Why you should go to Hong Kong !

Hong Kong became an autonomous territory in China in 1997, ending nearly two centuries as an exotic port of call in the British empire. If anything, it is even more vibrant today, a global financial and tourist center with shopping, culinary and entertainment opportunities galore.

One of the most densely populated cities in the world, Hong Kong is also one of the most romantic, calling up classic cinema images like "The World of Susie Wong" and "In the Mood for Love." You can find hotel accommodations from backpacker digs to a luxurious room for nearly US$1,500 a night. Food and shopping options run the same gamut. Its sights and sites make international bucket lists, but just wandering around Hong Kong Island and Kowloon - the two halves that make up the Hong Kong whole - is an adventure in itself.

Hong Kong has an active and growing LGBTQ community, a Pride Parade each November and Asia's largest LGBTQ festival for several weeks each fall. Party goers will find gay clubs and bars in Soho on Hong Kong Island equal those in any world capital and an array of saunas, particularly in Wan Chai on the island and Mong Kok across the harbor in Kowloon.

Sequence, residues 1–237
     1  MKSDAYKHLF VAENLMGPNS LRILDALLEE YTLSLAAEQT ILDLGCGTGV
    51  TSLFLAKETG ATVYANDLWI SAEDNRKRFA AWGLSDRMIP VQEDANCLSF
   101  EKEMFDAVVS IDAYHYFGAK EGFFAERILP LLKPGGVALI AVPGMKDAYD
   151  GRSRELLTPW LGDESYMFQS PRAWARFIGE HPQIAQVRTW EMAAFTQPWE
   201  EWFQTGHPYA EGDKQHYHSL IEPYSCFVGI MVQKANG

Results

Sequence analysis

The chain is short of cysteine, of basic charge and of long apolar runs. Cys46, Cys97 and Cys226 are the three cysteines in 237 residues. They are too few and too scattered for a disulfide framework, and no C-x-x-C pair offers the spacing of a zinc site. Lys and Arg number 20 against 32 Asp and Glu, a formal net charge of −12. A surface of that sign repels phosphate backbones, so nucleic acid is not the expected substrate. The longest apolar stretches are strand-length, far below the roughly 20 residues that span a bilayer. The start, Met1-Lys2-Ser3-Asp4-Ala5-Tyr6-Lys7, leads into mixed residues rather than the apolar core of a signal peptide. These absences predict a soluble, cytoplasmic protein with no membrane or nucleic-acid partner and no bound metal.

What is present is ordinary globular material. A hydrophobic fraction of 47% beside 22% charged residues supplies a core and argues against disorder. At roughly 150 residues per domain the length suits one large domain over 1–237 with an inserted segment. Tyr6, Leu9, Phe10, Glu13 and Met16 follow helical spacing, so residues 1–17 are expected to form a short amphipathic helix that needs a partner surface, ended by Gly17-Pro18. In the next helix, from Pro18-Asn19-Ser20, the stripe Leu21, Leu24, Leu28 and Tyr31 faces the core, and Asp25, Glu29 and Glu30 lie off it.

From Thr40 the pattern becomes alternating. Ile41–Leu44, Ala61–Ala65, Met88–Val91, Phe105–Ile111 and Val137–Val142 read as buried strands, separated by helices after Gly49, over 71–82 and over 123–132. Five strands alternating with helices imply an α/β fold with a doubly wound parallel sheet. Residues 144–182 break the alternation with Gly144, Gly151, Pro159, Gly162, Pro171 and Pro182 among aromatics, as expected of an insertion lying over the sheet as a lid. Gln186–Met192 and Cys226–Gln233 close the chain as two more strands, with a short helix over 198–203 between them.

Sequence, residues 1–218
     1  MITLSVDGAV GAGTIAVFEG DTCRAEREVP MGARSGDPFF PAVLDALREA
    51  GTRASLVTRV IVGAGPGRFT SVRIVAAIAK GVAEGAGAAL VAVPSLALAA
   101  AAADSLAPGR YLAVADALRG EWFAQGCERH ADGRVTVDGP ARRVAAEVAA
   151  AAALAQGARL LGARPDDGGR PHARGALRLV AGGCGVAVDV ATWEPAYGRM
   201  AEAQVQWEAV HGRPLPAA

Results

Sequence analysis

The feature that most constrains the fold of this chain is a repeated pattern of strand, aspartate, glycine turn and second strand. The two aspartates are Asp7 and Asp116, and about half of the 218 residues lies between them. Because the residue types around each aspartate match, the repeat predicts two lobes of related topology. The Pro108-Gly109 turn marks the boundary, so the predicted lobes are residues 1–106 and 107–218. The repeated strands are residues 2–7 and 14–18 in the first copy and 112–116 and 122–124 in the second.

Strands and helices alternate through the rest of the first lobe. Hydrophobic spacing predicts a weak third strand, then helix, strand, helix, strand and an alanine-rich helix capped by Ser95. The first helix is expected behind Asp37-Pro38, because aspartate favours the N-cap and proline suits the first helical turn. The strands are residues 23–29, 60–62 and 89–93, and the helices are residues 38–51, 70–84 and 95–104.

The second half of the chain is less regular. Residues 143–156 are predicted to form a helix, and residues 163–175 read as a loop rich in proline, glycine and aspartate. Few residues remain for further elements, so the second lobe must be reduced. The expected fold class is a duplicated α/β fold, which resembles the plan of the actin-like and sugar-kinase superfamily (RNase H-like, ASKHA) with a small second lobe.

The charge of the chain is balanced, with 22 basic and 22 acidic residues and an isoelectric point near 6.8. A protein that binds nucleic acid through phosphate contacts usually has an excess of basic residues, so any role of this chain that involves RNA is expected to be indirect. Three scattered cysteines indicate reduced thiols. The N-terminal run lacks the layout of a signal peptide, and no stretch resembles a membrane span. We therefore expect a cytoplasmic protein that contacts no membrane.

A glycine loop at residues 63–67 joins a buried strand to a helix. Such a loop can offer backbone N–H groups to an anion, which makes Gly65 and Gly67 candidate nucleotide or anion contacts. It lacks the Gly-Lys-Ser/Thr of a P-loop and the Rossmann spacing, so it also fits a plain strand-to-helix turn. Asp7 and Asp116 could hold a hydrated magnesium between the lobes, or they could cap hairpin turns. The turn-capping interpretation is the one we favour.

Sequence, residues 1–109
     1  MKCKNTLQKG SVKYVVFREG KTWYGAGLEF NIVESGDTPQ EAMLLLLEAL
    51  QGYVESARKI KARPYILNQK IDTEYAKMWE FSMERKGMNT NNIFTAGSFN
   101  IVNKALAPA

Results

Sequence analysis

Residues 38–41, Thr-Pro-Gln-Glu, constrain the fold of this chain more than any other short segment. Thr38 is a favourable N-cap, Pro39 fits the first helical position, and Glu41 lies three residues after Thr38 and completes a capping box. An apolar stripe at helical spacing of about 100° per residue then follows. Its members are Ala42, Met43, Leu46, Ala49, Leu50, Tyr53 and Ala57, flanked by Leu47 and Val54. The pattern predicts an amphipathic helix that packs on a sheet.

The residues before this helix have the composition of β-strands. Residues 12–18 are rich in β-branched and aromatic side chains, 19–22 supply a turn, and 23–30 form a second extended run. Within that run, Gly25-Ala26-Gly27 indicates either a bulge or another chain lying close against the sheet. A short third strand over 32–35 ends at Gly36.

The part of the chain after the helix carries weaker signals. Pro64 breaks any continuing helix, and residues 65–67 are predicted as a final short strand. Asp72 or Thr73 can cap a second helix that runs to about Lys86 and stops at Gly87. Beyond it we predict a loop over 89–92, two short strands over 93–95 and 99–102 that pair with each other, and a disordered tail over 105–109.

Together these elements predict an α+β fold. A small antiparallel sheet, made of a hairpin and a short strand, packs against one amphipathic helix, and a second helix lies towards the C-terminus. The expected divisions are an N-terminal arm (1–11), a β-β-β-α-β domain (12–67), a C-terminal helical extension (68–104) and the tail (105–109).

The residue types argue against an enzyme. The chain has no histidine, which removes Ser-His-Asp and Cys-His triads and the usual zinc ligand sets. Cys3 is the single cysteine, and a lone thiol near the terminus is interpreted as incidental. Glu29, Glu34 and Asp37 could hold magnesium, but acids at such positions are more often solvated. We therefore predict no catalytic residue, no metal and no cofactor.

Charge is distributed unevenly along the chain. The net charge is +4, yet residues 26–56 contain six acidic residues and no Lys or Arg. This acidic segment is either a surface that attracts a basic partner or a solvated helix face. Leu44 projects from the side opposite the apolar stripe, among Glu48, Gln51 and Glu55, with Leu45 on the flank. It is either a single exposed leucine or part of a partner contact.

You can spot many lesbian couples around Mong Kok, but the lala nightlife is less visible and more nuanced. Les Paradis HK, opened in 2014, is a popular lesbian bar. Les Peches has been staging monthly parties since 2005. The Women Coalition schedules a gathering the first Saturday of the month at Rainbow Center on Nathan Road in Kowloon with dinner after, but the talks are in Cantonese as are many Lesbian groups. Mastering at least a few words of Cantonese will help meet local Lesbians.

On the whole, Hong Kong is welcoming to LGBTQ visitors, but its laws lag behind other parts of the world. Until 1991, a male charged with homosexuality faced a maximum life sentence. Consensual homosexual relations were decriminalized, but the age of consent was 16 for heterosexual and 21 for homosexuals. LGBTQ groups contested, but not until 2005 was it 16 for everyone. No laws bar discrimination because of sexual orientation or hate crimes against the LGBTQ community, but violent attacks on gays are rare. China did not decriminalize homosexuality until 1997.

Homosexuality remains controversial, particularly in the business community. Same-sex marriage or civil unions are not recognized although domestic violence laws give some protection to same-sex couples. Cross-dressing is not illegal. After sexual reassignment surgery, individuals may change passports and identity cards but not birth certificates.

LGBTQ organizations have multiplied since the early 1990s when Horizons and the Ten Percent Club were launched. The annual parade attracts over 5,000, many from Mainland China where pride parades are forbidden.

Be inspired

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